So, it’s time for another friend, Bildad, to speak with Job, though it's more of a “speaking at” than a “speaking with.” Bildad doesn’t really know as much as he thinks he does. He asks, “Does God pervert justice? Or does the Almighty pervert the right?” (8:3) Theologically sound questions, but far removed from Job’s situation. Bildad’s pronouncements are more like uninformed and arrogant shibboleths than useful and helpful reflections on Job’s condition.
What a shame! Bildad’s words, on the surface, are so full of truth: If one seeks mercy from God, he will receive it; our days on earth are but a shadow; the hope of the godless shall perish; God will not reject a blameless man; etc. But none of this addresses Job’s need. Bildad is a well intentioned counselor to Job (I really believe he is); he’s also a worthless counselor.
Job responds by acknowledging the truth in Bildad’s words: “Truly I know that it is so . . .” (9:1). But Job needs someone other than Bildad to help him; he needs someone who can speak with God on his behalf. Job’s own experience is that he cannot seem to reach God on his own: “Behold, he passes by me; and I see him not; he moves on, but I do not perceive him” (9:11).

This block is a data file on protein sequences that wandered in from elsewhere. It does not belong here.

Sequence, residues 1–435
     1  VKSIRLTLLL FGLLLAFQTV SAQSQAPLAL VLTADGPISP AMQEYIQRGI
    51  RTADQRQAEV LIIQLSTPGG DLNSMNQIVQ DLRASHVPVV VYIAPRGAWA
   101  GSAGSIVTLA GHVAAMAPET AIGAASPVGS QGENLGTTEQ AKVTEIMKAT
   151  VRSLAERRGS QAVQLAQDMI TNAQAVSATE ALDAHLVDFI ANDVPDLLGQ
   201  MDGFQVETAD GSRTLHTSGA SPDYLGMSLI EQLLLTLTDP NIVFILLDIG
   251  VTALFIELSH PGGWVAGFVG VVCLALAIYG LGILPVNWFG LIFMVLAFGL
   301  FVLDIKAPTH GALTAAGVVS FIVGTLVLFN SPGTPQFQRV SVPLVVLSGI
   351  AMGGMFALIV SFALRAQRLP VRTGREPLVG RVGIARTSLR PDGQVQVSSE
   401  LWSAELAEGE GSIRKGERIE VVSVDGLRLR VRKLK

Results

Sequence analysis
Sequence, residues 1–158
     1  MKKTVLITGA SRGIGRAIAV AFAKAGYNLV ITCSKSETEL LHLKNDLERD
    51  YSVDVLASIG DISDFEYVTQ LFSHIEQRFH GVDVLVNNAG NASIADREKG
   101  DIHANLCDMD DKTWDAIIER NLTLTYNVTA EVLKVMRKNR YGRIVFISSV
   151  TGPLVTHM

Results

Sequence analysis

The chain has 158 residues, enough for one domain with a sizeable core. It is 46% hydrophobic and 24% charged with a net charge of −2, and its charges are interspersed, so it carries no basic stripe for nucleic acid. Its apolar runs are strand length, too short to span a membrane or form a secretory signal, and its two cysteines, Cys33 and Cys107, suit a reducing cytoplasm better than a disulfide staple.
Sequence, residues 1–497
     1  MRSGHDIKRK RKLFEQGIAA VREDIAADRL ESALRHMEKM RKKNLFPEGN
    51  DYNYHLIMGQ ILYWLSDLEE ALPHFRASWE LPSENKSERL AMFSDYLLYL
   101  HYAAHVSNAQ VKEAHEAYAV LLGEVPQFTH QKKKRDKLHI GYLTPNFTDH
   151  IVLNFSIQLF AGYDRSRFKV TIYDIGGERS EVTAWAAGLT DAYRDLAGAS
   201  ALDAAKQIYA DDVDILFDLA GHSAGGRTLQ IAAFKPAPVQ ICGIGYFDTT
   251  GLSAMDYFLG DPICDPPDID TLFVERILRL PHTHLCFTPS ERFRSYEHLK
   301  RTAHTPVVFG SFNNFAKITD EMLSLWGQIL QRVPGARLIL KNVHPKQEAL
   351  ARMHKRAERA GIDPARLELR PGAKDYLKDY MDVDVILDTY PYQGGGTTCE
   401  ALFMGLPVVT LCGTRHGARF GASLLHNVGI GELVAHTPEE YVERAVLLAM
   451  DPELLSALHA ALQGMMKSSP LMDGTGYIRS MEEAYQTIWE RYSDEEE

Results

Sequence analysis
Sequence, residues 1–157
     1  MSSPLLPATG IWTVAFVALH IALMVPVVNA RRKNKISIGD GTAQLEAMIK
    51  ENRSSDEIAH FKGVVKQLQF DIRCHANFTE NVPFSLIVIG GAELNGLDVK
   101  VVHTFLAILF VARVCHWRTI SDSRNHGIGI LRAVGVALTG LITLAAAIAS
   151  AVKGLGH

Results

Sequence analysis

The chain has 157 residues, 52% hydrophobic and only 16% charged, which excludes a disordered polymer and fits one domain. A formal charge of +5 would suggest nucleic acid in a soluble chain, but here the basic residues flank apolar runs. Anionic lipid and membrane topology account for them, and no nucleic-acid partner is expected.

Furthermore, Job cannot simply put out of mind his troubles: “If I say, ‘I will forget my complaint, I will put off my sad face, and be of good cheer, [it just doesn't work]” (9:27; the last, a bit of paraphrase). Oh, if Job could only have a face to face with God, but . . . “he is not a man, as I am, that I might answer him, that we should come to trial together. There is no arbiter between us” (9:32). Yet, Job continues to cry out to God: “I will speak . . . I will say to God . . .” So, the questions begin to pour forth from Job (ch. 10). He seems to be at a complete loss, but he also seems to sense that if he is to find answers, he will find them with God, not with man. Not just yet, but soon, Job will be able to sing these words. But, for now, that he knows his answers lie with God well, that's a good start!
Your bountiful care, what tongue can recite?
It breathes in the air, it shines in the light;
it streams from the hills, it descends to the plain,
and sweetly distills in the dew and the rain.
Frail children of dust, and feeble as frail,
in you do we trust, nor find you to fail.
Your mercies, how tender, how firm to the end,
our Maker, Defender, Redeemer, and Friend! -- Robert Grant (1833)